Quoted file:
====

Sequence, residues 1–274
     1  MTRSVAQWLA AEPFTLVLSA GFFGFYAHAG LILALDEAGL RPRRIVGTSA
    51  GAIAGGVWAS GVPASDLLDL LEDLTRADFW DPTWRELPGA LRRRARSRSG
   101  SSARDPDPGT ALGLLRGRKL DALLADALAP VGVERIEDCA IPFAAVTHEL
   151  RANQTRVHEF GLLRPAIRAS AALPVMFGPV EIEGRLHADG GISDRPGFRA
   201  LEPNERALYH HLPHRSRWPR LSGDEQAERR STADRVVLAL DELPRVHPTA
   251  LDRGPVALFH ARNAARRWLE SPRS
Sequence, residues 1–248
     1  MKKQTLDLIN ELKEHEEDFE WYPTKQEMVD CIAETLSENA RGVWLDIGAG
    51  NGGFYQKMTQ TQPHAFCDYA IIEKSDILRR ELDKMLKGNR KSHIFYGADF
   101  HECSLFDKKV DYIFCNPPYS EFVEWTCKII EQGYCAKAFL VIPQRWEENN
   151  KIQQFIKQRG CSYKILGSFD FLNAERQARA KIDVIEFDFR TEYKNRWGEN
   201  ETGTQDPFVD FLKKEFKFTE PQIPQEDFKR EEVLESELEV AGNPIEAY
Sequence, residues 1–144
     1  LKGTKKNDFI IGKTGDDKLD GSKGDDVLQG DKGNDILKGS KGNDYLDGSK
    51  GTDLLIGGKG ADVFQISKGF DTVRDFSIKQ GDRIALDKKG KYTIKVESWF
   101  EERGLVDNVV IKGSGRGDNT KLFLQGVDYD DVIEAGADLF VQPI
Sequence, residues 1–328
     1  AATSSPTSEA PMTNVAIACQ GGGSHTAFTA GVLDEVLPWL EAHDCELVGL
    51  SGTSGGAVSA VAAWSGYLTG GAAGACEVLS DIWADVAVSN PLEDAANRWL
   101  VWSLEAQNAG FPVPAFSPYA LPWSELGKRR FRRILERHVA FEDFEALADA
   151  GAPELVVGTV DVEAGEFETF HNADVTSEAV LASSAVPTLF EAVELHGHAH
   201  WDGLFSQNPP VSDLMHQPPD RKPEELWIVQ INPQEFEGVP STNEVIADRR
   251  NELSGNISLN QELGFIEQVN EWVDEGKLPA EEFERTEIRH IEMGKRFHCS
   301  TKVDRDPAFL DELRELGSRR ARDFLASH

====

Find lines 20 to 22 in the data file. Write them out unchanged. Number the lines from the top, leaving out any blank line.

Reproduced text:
    51  SGTSGGAVSA VAAWSGYLTG GAAGACEVLS DIWADVAVSN PLEDAANRWL
   101  VWSLEAQNAG FPVPAFSPYA LPWSELGKRR FRRILERHVA FEDFEALADA
   151  GAPELVVGTV DVEAGEFETF HNADVTSEAV LASSAVPTLF EAVELHGHAH